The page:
Schroders Global Investor Study 2022: SA investors to seek expert advice in light of economic uncertainties
Kondi Nkosi, Country Head at Schroders South Africa
Even amidst a climate of global economic uncertainty, South African investors expect to realise higher returns over the next five years compared to what was achieved in preceding years. To do this, the majority of investors – regardless of experience – will enlist the help of a financial adviser or lean on the advice of fund managers, as the Schroders Global Investor Study (GIS) 2022 has found.
Schroders’ flagship study surveyed more than 23,000 investors from 33 locations globally. Among them were 400 South Africans, the majority of whom professed to have an ‘intermediate’ level of investment knowledge on a spectrum ranging from ‘beginner’ to ‘expert.’
Commenting on the results of the study, Kondi Nkosi, Country Head at Schroders South Africa, explained that the largest proportion (20%) of South African investors expect to realise returns of between 20% – 25% over the next five years, although the same percentage of respondents claimed to have made between 15% –19% total returns on average over the past five years.
According to Nkosi, this is indicative of a “decidedly optimistic outlook held by South African investors when compared to their global counterparts. This could be attributed to the better-than-average expected performance of the country’s domestic market in 2021. In the context of growing global instability as well as the political shifts that are underfoot in South Africa, this position may change. Or it may very well come to characterise the inherently positive mindsets of South African investors going into 2023.”
However, as he asserts, “local investors are less inclined to ‘go it alone’ in a climate of uncertainty.”
According to the GIS, even the most knowledgeable investors in South Africa are turning to financial advisers to help them navigate the prevailing uncertainty. 44% of beginner/rudimentary investors indicated that they would be more likely to seek the advice of a financial adviser, with 50% of intermediate investors and 43% of expert/advanced respondents claiming the same.
Similarly, 47% of GIS respondents indicated that they are finding either actively or passively managed funds more attractive than six months ago. For Nkosi, this is a clear indicator of a parallel rise in uncertainty on how to navigate what, for many investors, is unchartered territory and a rise in the confidence people place in financial advisers’ expertise.
He said: “We have to appreciate the unique and unprecedented position that South African investors find themselves in: caught in a climate of geopolitical instability and a local landscape that is undergoing a historic level of change. The role of financial advisers will become even more important going forward in helping South Africans to make clear and informed decisions that will reap long-term benefits.”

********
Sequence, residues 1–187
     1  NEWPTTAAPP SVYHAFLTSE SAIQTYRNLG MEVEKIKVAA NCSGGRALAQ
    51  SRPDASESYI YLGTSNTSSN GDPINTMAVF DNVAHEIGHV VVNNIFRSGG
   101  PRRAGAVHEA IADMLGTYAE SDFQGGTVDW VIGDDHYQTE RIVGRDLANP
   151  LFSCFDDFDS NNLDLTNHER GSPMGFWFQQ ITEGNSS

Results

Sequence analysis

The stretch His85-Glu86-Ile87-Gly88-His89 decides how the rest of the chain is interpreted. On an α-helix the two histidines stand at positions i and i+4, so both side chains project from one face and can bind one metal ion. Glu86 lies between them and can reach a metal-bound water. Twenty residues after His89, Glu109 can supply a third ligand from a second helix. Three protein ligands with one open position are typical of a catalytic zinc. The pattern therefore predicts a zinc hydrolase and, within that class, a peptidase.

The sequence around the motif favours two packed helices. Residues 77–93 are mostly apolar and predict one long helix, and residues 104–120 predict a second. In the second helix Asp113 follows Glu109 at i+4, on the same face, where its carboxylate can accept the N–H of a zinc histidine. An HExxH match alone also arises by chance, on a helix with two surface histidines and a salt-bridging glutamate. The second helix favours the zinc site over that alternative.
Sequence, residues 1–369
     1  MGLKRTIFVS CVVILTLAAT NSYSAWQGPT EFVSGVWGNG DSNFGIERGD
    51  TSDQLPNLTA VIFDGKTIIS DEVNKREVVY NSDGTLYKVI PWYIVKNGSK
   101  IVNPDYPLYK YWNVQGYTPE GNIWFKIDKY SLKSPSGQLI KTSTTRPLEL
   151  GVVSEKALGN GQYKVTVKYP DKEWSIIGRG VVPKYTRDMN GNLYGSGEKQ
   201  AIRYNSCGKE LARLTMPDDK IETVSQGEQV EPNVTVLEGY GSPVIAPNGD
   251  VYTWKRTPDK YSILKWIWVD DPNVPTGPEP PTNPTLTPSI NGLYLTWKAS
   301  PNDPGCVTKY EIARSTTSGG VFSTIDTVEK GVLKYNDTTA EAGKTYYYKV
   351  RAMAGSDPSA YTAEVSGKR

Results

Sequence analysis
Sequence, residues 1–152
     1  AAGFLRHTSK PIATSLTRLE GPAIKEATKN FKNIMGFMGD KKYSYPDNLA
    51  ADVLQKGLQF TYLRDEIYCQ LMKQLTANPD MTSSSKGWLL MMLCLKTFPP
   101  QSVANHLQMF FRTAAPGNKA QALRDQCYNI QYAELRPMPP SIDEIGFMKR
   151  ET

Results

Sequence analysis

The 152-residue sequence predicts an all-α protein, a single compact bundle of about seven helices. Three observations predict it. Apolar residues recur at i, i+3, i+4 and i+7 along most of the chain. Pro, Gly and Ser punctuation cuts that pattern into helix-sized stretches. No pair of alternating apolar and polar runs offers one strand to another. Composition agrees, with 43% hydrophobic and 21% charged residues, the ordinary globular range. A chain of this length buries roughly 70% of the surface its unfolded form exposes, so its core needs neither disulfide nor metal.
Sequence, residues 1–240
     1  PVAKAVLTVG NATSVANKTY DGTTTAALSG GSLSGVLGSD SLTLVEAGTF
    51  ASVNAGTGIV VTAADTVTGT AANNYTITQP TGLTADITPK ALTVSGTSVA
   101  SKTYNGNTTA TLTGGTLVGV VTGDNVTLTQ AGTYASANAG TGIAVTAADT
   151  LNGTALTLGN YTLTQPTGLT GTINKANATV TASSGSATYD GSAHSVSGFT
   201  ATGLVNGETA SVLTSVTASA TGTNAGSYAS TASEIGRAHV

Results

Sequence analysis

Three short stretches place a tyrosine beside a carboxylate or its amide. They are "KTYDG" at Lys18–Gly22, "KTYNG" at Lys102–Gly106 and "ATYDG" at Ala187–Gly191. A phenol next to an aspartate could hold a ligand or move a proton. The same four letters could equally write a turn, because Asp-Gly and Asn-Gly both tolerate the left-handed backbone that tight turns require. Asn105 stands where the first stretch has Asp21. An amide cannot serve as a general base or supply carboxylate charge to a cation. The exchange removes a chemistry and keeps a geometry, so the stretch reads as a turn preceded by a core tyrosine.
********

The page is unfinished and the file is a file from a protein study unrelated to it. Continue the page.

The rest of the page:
Nkosi pointed to the specific emphasis that the 2022 GIS placed on how local investors are responding to global economic phenomena, such as interest rate hikes and rising inflation.
In South Africa, where inflation hit a 13-year high during the latter part of the year, the findings of the survey were particularly compelling. 43% of respondents indicated that they had changed their investment strategy in light of rising inflation, 42% expressed their intention to do so in future and only 14% indicated that they had no intention of making any significant changes to their portfolio.
In terms of how South African investors aim to respond to rising interest rates, 66% indicated that ‘saving more and spending less’ was high on the agenda, followed by 57% who chose ‘investing in crypto-currencies such as Bitcoin and Ethereum’, and 55% whose preference was repaying debt faster.
Subsequently, among the top investment types that have become less attractive over the last 6 months were government bonds and cash (or cash equivalents) – both of which are vulnerable to increasing interest rates.
According to the GIS, in the years to come, half of South African investors will feel forced to take on more risk in order to meet their return expectations while 27% claim to have made investment decisions under pressure that they later regret.
As Nkosi concluded: “These findings point once again to the need for South Africans to seek expert advice on what has become an increasingly complex investment landscape. This is particularly true in South Africa where 53% of investors believe that the performance of their investments has a direct impact on their mental wellbeing. In future, enlisting the assistance of an industry expert may therefore have far-reaching benefits, and is one of the most effective ways to ‘sense-check’ your investment decisions before making major changes based on limited knowledge.”